I have never read a "Jane Eyre" styled book. This is a "Jane Eyre" style book. As a novelty is was good. I don't think people who exclusively enjoy more, for lack of better terms, violent fantasy will enjoy this book (think Dresden Files). This book focuses on the characters.
I'm going to keep his short. Originally I was never going to read this book because the previous books in the series pissed me off for various reasons. But I heard a sufficient number of good things about this book for me to give this book a chance, and it paid off. It wasn't a spectacular book by any means, but it was quite enjoyable and I can see myself listening to it again (which is something I cannot say for the other books in the series).
I really liked the first book better than this one because it had a greater sense of presence than this book. That said I did enjoy this book quite a bit. Start with The Killing Moon then continue to this book.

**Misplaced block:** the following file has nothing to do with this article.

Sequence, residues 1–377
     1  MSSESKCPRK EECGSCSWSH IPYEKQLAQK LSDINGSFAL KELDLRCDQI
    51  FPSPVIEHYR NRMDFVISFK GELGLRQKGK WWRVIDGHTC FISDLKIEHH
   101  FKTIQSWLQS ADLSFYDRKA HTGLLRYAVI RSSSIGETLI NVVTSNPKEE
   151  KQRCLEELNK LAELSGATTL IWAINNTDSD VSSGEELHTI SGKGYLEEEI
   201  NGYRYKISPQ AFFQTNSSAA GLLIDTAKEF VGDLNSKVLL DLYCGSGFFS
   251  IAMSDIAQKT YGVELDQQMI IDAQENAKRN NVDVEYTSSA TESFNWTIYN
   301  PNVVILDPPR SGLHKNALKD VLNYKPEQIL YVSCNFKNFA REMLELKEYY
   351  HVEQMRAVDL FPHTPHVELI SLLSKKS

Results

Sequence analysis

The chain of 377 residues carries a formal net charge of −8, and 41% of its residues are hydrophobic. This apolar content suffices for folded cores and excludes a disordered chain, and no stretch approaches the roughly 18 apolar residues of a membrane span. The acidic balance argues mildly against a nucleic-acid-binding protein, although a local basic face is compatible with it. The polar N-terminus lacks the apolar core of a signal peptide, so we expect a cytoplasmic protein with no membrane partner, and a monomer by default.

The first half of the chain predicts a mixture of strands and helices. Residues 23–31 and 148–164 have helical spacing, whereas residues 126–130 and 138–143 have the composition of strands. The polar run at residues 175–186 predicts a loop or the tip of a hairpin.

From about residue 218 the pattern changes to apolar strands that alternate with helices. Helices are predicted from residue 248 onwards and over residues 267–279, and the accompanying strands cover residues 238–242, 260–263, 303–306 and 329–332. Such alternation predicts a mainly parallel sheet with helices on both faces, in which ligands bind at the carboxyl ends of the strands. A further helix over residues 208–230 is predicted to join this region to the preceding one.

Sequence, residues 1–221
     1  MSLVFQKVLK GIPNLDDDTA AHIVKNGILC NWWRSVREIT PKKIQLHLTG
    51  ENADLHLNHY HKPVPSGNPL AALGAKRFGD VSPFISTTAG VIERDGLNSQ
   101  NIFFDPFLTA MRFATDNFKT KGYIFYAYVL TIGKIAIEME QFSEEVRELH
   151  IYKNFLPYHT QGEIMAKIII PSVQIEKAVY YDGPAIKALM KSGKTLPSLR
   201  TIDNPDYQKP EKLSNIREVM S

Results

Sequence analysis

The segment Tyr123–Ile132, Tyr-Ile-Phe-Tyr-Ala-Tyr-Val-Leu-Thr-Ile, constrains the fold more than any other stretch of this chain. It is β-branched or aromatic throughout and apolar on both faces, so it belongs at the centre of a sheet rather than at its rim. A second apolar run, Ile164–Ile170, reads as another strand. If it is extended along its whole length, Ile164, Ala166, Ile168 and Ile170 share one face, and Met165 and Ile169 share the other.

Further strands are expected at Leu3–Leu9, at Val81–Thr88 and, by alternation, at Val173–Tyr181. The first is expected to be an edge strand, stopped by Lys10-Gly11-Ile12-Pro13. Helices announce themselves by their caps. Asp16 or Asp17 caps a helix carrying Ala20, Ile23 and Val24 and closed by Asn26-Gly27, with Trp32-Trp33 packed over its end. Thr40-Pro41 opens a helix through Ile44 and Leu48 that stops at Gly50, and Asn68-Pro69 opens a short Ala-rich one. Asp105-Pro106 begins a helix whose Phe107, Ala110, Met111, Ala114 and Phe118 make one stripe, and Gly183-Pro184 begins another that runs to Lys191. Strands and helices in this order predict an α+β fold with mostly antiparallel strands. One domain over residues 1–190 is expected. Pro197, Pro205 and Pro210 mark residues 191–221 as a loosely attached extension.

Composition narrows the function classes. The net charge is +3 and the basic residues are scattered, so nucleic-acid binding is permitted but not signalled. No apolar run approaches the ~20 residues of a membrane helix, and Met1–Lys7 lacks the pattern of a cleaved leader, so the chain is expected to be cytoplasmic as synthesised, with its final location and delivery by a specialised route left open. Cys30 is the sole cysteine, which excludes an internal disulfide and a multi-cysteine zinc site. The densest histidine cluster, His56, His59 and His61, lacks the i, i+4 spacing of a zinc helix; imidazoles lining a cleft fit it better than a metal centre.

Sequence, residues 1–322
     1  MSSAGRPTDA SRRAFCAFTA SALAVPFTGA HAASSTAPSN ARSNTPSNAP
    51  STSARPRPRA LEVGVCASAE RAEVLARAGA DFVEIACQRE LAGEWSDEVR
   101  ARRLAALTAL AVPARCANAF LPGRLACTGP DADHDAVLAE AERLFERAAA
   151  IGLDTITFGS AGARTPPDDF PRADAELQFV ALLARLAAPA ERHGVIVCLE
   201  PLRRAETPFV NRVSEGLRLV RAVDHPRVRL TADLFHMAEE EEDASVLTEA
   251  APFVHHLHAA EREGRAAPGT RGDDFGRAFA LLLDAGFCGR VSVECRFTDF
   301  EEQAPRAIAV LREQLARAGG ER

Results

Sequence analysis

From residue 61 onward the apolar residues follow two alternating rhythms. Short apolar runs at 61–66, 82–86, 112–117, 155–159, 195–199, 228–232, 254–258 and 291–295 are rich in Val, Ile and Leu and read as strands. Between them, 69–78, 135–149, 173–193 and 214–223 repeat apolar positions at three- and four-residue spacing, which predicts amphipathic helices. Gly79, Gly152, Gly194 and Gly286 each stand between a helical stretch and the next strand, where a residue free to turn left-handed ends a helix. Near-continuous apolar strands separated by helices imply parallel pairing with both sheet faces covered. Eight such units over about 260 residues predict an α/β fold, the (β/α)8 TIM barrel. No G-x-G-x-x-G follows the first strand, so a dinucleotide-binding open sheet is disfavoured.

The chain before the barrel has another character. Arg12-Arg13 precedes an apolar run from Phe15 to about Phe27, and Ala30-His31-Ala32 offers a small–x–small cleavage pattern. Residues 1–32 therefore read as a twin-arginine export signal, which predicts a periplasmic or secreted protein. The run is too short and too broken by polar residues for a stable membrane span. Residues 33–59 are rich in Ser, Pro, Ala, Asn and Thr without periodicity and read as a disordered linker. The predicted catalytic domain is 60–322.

I really liked this book. The story was significantly above average in quality, but not perfect. I will be reading the following books in this series in the months to come despite the imperfections. I could consistently see humor and good story telling in the story, which I thoroughly enjoyed. My one suggestion to the author would be to add more humor in the future, so we had something funny or a joke every two or three pages instead of every ten or twenty.
My main issue was the narrator. She just didn't click with me. I liked 9/10ths of the voices she used, but disliked the voice she used for Tara. She made one of the main characters sound as if she had a lisp, or something. It was super minor, but it bugged me.